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Walnut valley Unified School District

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Walnut Elementary Receives Academic Art Grant

NEWS                                                                                    Walnut Valley Unified School District
FOR IMMEDIATE RELEASE                                             880 S. Lemon Avenue
August 30, 2013                                                                   Walnut, CA 91789

 
Contact:       
Kelli Gile, Office of Community Resources
kgile@wvusd.k12.ca.us
(909) 595-1261 ext. 31204


Walnut Elementary Receives Target Grant for Academic Art Program


WALNUT, CA—Walnut Elementary School students will benefit from a $2,000 grant funded this month by the Target Corporation. The grant program is designed to support programs that help schools bring more arts and culture into classrooms.

Two years ago, parent Wendy Wu volunteered to teach a few art lessons in her son’s second grade class.  Principal Janet Green was so impressed with the lessons and artwork the students produced that she asked if Mrs. Wu would consider teaching a series of standards-based art lessons to upper grade students.   

She agreed and the Academic Art program at Walnut Elementary began. 

Lessons corresponded to the social studies and science curriculum, and beautiful artwork adorned the walls of the office and hallways. 

Last spring, Mrs. Green applied for Target’s Arts and Culture in Schools grant.   The school received the notice of approval on August 19.

This year, the education grant will enable the school to expand the unique art program to include ALL students in grades K-5.

“Walnut Elementary believes strongly in developing the whole child.  As a Title I school, some of our students do not take extracurricular visual and performing arts lessons. Therefore, we have tried to expand these opportunities for them in academic art and music during the school day.  With the focus on the new Common Core State Standards, art and music are integral to the development of student creativity,” said Principal Janet Green.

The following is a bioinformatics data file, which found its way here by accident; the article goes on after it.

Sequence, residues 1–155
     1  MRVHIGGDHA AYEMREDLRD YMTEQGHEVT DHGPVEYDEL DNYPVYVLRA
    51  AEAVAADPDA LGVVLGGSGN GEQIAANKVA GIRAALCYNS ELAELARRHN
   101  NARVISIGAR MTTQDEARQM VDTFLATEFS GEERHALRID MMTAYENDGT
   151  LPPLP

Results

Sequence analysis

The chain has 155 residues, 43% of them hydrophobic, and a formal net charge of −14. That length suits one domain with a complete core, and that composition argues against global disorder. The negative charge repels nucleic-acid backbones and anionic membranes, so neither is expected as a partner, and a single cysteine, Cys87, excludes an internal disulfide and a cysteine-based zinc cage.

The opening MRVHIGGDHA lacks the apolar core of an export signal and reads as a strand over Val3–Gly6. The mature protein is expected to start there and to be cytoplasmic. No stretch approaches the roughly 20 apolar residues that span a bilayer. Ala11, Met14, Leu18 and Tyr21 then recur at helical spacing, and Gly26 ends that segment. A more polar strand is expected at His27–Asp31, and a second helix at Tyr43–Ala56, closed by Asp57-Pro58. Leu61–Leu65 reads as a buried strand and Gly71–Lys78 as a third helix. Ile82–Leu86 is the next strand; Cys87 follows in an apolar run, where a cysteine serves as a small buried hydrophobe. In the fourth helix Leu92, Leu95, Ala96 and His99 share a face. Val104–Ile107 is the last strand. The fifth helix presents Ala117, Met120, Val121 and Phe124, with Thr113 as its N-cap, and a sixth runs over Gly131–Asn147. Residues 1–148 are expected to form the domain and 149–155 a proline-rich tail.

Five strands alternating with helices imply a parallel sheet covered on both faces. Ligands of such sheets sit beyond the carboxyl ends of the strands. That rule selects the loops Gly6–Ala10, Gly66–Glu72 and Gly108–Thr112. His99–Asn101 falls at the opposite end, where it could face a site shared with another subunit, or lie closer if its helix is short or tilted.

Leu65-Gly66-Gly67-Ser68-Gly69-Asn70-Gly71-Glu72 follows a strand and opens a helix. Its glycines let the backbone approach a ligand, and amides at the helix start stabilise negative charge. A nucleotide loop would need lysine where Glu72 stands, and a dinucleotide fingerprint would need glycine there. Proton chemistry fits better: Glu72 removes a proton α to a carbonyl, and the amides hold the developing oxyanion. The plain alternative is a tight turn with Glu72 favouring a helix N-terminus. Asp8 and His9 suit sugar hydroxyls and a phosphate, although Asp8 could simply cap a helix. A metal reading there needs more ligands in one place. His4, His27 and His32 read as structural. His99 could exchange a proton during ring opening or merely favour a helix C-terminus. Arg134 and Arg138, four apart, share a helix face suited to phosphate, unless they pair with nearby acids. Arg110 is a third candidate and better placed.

“I enjoy all the lessons that the students do in class,” said art teacher Wendy Wu who likes introducing new creative ideas to the children.

Wu said although it’s hard to choose a favorite art project from last year, it would be the Seahorse lesson.  

“Watercolor has always been one of my favorite mediums,” she said.

The grant is part of Target’s ongoing efforts to build strong, safe and healthy communities across the country. These efforts include Target’s long history of giving 5 percent of its profit to communities, which today equals more than $4 million every week. As part of this commitment, Target is on track to give $1 billion for education by the end of 2015 to help kids learn, schools teach and parents and caring adults engage.

“At Target, we are committed to serving local communities where we do business,” said Laysha Ward, President, Community Relations, Target. “That’s why we are proud to partner with Walnut Elementary School as we work to strengthen communities and enrich the lives of our guests and team members.”

Shown:

In the first grade art lesson, Walnut Elementary students painted images of panda bears on a bamboo mat material.  They first learned about basic shapes before applying this concept to create their paintings.  Acrylic paint was used in this lesson. 

Second grade students created a diorama of insects in their habitats. The box was made from foam core board and students made cutouts from construction paper.  Many students were very creative and made beautiful bees, ladybugs and butterflies. (Second grade Bug)

Third grade students were introduced to watercolor painting techniques.   This lesson was inspired by Eric Carl's "Mr. Seahorse" book.   Students drew and painted their own seahorses using a variety of colors. 

Walnut Elementary fourth graders learned about the famous American artist Grant Wood who was known for his American Gothic painting.  Students used tempera paint and created their own versions. 

The lesson for the fifth grade class was about Native American sand painting.  Students learned about the techniques that California Natives used to create their amazing art.  The class used methods similar to this to create their own sand paintings.